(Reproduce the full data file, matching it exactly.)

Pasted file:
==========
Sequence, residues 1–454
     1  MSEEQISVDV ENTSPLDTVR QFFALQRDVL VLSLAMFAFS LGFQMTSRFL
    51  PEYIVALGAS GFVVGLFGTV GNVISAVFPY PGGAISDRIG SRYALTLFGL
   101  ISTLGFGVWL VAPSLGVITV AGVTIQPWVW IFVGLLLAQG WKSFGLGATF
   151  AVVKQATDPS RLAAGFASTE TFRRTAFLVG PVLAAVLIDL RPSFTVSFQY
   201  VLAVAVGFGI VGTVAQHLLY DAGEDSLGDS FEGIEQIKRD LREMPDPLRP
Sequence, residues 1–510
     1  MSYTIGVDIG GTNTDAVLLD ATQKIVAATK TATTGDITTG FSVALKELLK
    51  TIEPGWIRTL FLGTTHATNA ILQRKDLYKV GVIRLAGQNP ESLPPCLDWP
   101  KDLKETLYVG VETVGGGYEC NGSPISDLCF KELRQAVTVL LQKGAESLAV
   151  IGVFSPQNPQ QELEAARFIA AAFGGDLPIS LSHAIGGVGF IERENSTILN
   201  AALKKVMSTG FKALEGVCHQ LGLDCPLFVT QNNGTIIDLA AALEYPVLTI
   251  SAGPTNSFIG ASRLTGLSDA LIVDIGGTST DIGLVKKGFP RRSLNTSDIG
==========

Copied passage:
Sequence, residues 1–454
     1  MSEEQISVDV ENTSPLDTVR QFFALQRDVL VLSLAMFAFS LGFQMTSRFL
    51  PEYIVALGAS GFVVGLFGTV GNVISAVFPY PGGAISDRIG SRYALTLFGL
   101  ISTLGFGVWL VAPSLGVITV AGVTIQPWVW IFVGLLLAQG WKSFGLGATF
   151  AVVKQATDPS RLAAGFASTE TFRRTAFLVG PVLAAVLIDL RPSFTVSFQY
   201  VLAVAVGFGI VGTVAQHLLY DAGEDSLGDS FEGIEQIKRD LREMPDPLRP
Sequence, residues 1–510
     1  MSYTIGVDIG GTNTDAVLLD ATQKIVAATK TATTGDITTG FSVALKELLK
    51  TIEPGWIRTL FLGTTHATNA ILQRKDLYKV GVIRLAGQNP ESLPPCLDWP
   101  KDLKETLYVG VETVGGGYEC NGSPISDLCF KELRQAVTVL LQKGAESLAV
   151  IGVFSPQNPQ QELEAARFIA AAFGGDLPIS LSHAIGGVGF IERENSTILN
   201  AALKKVMSTG FKALEGVCHQ LGLDCPLFVT QNNGTIIDLA AALEYPVLTI
   251  SAGPTNSFIG ASRLTGLSDA LIVDIGGTST DIGLVKKGFP RRSLNTSDIG